Written by Pastor Jim Law
From the age of five until I was twenty-two, I spent most of my time either on a ball field or in a gymnasium. Through my youth, I was involved in hundreds of practices and games. Athletics was very much at the center of my life, and from those experiences I learned the importance of commitment, teamwork, and discipline.
When I came to saving faith in Jesus Christ at the age of 20, I discovered that what was true in athletics was also true in living the Christian life, namely that to live for Christ is a call to discipline and training. I knew that I could never work to earn salvation or even to contribute to it, for salvation comes by grace alone, through faith in Christ alone (Ephesians 2:8,9). I understood that God would not love me more if I prayed more, or gave more, or went to church more. However, as I read the Bible, I discovered straightforward commands and disciplines that believers were to embrace into their lives. If I was going to grow in my walk with Christ, then I needed biblical intake on a daily basis. I needed daily times of God-connecting prayer. I needed personal and corporate worship. I needed to share my faith regularly. I needed to give of my time, money, and resources for Kingdom advancement. I needed to serve others and be united in a local body of believers.
In this fourth post on pastoral reflections, I come to I Timothy 4 which underscores the need for every believer to embrace spiritual discipline as a means of grace to grow in our relationship with Jesus Christ. In this chapter, the Apostle Paul gives a directive to Timothy, which comes to every believer. The Christian life is described in athletic terms as the New Testament describes a race (Hebrews 12:1-3) and a battle (2 Timothy 4:7; Ephesians 6:10-17). For this contest, followers of Jesus Christ are called to “discipline themselves for the purpose of godliness” (I Timothy 4:7).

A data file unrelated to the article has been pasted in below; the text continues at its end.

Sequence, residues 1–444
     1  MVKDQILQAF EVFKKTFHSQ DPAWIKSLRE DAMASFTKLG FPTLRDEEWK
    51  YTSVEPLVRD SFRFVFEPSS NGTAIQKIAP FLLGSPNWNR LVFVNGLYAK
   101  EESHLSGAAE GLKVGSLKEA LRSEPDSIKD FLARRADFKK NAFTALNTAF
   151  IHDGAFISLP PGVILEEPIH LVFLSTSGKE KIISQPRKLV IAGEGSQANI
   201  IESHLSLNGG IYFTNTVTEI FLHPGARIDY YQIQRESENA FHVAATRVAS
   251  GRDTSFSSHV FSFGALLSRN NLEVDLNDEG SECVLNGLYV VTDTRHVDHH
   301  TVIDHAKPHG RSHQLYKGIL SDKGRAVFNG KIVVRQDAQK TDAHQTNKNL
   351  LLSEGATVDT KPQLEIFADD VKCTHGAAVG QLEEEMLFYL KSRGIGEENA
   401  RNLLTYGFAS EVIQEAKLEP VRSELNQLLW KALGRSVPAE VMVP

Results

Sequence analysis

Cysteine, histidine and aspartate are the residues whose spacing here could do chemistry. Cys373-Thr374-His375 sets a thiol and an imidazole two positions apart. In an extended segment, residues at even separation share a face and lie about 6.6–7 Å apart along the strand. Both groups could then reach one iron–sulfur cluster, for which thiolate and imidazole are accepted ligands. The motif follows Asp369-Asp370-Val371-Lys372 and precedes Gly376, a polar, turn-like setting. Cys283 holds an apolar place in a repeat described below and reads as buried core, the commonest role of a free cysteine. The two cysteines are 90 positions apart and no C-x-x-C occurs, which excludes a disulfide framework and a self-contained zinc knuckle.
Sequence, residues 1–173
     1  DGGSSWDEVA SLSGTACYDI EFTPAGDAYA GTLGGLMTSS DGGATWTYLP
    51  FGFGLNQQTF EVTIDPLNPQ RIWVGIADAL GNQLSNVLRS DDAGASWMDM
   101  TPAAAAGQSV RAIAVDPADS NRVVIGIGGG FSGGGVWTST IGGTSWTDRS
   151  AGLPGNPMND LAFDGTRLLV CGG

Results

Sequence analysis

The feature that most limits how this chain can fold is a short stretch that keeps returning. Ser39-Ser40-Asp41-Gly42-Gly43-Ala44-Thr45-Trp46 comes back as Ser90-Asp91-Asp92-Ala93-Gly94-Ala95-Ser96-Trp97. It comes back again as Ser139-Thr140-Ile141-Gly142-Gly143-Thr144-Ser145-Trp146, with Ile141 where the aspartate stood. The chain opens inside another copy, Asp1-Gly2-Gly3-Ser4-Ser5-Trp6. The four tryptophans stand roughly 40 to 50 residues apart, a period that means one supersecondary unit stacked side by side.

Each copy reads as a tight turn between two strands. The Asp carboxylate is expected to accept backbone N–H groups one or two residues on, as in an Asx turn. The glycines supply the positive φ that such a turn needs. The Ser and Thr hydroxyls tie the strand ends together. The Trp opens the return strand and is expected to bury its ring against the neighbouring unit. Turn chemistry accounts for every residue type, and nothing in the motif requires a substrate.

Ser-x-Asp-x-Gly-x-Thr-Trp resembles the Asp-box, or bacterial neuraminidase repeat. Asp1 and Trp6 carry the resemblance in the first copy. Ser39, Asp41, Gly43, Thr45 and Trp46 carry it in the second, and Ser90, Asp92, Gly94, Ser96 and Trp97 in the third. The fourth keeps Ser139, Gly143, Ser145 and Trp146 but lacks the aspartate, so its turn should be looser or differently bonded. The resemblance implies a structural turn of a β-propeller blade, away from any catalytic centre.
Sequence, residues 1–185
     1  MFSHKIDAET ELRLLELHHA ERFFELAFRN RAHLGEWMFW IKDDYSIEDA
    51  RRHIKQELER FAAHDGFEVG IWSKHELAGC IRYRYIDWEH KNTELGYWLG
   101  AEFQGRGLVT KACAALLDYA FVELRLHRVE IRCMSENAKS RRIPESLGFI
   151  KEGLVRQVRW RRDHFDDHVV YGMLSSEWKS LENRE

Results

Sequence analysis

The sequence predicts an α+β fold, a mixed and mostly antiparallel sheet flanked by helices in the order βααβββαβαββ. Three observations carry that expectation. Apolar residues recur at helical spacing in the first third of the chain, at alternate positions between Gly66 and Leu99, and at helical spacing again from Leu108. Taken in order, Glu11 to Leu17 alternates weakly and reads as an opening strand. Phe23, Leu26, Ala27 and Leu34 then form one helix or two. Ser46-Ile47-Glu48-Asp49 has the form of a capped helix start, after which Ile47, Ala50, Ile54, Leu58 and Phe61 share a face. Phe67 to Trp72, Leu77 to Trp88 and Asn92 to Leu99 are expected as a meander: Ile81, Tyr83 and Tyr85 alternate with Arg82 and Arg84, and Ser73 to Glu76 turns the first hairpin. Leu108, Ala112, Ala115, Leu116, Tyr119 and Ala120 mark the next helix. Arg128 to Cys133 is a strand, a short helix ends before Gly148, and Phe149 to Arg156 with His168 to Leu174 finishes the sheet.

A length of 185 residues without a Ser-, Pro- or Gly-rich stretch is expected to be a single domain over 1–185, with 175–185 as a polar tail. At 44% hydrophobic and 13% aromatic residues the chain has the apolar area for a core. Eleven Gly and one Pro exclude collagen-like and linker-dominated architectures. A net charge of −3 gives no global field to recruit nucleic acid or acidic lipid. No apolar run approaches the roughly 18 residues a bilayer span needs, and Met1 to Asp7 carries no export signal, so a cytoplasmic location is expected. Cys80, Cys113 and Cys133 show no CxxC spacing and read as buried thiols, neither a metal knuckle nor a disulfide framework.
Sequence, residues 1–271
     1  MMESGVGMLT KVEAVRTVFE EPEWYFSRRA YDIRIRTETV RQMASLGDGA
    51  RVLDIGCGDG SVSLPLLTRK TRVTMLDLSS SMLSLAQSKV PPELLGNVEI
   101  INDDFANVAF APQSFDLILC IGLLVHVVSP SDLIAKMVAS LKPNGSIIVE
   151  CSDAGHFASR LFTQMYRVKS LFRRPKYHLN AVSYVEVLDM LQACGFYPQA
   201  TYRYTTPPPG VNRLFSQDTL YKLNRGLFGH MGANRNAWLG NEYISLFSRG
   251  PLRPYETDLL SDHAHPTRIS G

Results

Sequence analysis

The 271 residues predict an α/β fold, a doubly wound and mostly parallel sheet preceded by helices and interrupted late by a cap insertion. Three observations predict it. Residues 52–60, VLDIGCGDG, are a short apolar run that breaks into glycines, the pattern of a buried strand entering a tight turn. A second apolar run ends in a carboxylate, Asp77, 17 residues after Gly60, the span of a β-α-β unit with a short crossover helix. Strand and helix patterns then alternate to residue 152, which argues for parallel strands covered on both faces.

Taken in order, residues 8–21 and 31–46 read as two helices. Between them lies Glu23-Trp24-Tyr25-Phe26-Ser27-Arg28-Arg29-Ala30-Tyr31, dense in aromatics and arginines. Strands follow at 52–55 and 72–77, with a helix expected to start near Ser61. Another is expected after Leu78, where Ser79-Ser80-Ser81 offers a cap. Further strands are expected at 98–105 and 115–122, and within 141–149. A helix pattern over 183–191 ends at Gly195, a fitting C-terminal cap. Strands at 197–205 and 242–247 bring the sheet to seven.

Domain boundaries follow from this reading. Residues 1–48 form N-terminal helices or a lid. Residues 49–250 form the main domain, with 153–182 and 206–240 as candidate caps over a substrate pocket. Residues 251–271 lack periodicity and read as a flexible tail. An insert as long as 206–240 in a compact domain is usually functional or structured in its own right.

Interestingly, in this verse, the Apostle Paul uses the word gumnazo, which is where we get the word gymnasium. In I Timothy 4, believers receive a strong challenge to give their most intense effort to live their lives for the glory of Jesus Christ. This is not a casual conversation. Paul is not describing the Christian life as a stroll, but rather the most consuming of all contests. At the heart of Paul’s command, is a call to spiritual rigor for the purpose of joyfully running the most important race of our lives, a race that ends at the feet of our Savior.
With the smell of the gym, Paul is really talking about what R. Kent Hughes referred to as “spiritual sweat.” Paul states to Timothy that physical exercise “is of some value,” however “godliness is of value in every way, as it holds promise for the present life and also for the life to come” (I Timothy 4:8). Spiritual discipline has a glorious purpose and that is for every believer to grow in godliness, and thereby become more and more conformed to the image of Jesus Christ (Romans 8:29-30).
I have found spiritual disciplines to be a recurring theme in my pastoral journey, and I guess that is because of the widespread neglect of teaching on this subject in the church. We accomplish little in this life without discipline, and that certainly applies to our spiritual growth.
Two books that have made a big splash in my life with regard to spiritual disciplines are R. Kent Hughes’ book Disciplines of a Godly Man and Donald Whitney’s Spiritual Disciplines for the Christian Life. I have read these books a number of times over the years and have received challenge and encouragement every time. Both Hughes and Whitney identify spiritual disciplines from the text of Scripture (biblical intake, prayer, worship, work, evangelism, giving, serving, fasting, church membership, journaling, learning, leadership, etc.). Not only are these disciplines identified, but both authors give helpful teaching on how to bring these disciplines into our lives.
Spiritual disciplines are given to the people of God as a means to grow in the grace and knowledge of Christ. We ignore them to our detriment. As we move toward a new year, I would challenge you to evaluate the spiritual commitments of your life and embrace these disciplines as a way of running the race that ends in the presence of Christ.